ALERT: Clarifications of the Iranian Sanctions Regulations

On February 6, 2013, the Office of Foreign Assets Control (OFAC) published two guidance documents related to the Iranian sanctions regulations and licenses.  The first is Guidance on Humanitarian Assistance and Related Exports to the Iranian People.  While the guidance is simply an overview of previously-issued exceptions, the publication is nonetheless an indication of Washington’s efforts to encourage those projects and transactions that benefit the Iranian people directly. … Continue Reading

Iran, China, and Prison: A Recap of 2012’s Major Export Enforcement and Embargo-Related Criminal Cases

By: Thad McBride and Cheryl Palmeri The start of the new year is the perfect time to reflect on the international trade enforcement actions of the past year and to predict what they might mean for the year ahead.  This exercise is made exponentially easier by the “Summary of Major U.S. Export Enforcement, Economic Espionage, Trade Secret, and Embargo-Related Criminal Cases” (the “Enforcement Summary”) which recently was updated through December 6, 2012.  The Enforcement Summary suggests a number of important trends in export enforcement and embargo-related cases. … Continue Reading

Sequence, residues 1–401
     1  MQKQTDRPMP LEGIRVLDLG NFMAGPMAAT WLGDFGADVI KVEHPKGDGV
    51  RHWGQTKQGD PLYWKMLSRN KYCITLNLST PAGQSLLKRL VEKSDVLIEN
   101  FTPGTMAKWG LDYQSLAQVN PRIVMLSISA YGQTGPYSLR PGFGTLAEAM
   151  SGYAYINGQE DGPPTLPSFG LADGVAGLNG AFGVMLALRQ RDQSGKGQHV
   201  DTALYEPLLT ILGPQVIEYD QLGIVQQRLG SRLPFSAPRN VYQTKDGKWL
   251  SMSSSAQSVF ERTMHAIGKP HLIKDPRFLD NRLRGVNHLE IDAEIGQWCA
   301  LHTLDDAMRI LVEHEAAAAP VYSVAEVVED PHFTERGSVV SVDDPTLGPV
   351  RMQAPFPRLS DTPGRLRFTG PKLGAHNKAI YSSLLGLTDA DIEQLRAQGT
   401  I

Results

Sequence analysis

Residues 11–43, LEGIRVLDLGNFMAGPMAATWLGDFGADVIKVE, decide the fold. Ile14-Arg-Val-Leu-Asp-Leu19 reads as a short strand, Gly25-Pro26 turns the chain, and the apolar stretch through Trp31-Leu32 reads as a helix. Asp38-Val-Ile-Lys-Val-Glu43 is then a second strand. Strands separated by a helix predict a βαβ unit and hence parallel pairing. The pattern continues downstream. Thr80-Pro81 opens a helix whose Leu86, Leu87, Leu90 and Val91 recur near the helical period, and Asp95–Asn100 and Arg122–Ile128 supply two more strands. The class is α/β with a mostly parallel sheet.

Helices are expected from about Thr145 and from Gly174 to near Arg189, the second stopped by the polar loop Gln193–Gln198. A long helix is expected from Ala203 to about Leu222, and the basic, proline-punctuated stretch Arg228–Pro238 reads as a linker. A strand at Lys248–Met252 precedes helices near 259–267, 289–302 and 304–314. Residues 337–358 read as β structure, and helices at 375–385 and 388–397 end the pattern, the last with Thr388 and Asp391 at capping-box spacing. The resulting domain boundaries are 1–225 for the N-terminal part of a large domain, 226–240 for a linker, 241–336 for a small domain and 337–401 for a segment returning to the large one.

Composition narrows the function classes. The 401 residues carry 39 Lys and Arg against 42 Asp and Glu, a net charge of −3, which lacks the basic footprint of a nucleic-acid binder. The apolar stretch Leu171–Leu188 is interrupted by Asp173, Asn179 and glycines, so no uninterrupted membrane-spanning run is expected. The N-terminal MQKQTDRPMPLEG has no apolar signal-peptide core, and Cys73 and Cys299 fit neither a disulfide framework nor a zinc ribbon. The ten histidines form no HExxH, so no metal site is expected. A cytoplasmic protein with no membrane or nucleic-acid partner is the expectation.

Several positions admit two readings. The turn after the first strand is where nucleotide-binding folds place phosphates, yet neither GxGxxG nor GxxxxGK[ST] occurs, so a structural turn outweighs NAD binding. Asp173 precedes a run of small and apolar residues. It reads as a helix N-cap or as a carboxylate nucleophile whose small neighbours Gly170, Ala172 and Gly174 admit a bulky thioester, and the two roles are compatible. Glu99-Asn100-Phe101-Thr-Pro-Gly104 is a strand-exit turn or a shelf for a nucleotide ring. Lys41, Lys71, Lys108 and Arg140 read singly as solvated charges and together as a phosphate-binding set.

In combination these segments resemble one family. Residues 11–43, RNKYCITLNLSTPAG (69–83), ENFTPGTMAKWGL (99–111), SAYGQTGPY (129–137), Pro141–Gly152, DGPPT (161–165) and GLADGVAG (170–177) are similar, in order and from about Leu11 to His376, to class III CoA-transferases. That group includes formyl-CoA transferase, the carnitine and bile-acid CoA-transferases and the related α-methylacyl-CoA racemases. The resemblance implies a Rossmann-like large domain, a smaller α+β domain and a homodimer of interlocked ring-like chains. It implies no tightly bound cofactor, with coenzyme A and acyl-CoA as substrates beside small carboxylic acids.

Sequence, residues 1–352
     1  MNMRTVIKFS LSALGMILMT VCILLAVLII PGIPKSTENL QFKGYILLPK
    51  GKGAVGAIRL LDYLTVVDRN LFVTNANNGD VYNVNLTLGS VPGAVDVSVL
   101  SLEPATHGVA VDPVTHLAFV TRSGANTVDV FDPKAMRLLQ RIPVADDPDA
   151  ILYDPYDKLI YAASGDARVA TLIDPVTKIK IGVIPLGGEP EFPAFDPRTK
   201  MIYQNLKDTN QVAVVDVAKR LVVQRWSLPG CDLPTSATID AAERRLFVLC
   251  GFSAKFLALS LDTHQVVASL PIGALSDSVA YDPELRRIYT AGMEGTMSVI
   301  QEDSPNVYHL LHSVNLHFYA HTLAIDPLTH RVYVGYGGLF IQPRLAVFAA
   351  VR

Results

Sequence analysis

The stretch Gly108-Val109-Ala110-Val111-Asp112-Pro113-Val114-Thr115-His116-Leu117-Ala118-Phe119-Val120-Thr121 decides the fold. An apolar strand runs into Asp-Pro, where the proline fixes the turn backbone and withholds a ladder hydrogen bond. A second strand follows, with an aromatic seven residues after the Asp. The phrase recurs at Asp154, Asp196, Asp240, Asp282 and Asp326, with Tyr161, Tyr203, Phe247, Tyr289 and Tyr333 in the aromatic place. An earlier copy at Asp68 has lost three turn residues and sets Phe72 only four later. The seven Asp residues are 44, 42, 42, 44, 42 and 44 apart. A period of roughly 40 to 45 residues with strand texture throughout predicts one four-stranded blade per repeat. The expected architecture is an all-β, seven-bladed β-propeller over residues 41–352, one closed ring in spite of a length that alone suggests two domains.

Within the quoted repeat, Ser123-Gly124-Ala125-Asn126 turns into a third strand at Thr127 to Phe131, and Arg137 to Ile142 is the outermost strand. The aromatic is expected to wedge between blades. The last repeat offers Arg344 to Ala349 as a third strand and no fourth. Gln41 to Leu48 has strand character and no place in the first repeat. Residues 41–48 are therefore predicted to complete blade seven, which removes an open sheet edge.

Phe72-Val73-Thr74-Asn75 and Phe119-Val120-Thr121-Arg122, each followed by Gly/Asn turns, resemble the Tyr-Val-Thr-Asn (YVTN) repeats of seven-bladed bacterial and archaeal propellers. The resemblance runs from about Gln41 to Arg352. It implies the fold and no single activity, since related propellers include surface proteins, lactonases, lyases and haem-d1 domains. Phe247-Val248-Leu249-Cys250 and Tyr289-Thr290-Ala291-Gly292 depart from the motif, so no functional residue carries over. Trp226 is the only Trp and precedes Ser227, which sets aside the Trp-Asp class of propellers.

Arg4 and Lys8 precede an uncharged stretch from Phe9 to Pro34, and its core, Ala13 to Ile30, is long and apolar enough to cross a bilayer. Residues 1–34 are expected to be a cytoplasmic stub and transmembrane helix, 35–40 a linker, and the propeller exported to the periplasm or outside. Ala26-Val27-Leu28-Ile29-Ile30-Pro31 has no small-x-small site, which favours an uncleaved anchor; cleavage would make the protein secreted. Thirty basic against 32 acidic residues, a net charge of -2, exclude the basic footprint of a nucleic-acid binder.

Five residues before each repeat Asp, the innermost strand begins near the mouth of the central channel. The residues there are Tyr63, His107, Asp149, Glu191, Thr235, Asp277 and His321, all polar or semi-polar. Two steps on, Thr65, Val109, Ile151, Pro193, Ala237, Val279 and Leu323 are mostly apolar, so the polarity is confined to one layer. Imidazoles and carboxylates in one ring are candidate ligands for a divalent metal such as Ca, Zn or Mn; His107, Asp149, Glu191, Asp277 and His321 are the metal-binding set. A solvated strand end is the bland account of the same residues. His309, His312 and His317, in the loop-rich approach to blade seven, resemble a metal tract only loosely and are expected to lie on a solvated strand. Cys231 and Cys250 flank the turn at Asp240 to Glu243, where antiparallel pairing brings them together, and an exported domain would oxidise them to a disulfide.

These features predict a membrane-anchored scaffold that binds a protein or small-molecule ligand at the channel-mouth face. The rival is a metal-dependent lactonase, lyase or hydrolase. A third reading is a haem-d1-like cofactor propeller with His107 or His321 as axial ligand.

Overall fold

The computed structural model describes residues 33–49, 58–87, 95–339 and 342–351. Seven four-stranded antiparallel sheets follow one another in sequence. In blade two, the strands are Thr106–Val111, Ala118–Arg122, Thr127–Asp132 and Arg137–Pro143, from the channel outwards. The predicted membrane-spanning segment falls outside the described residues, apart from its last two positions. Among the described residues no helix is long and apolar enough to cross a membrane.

Sanctions on Foreign Subsidiaries Implemented Under Iran Threat Reduction Act

By: J. Scott Maberry and Matthew Riemer In the months since the signing of the Iran Threat Reduction and Syria Human Rights Act (which we will stubbornly continue to refer to here as “ITRA”), the Obama administration has worked to implement tougher sanctions against Iran.  Although many of the ITRA regulations are not expected until early November, an Executive Order issued last week marked the beginning of a much stricter era of sanctions pursuant to ITRA, the Iran Sanctions Act of 1996 (ISA), and the Comprehensive Iran Sanctions, Accountability, and Divestment Act of 2010 (CISADA).… Continue Reading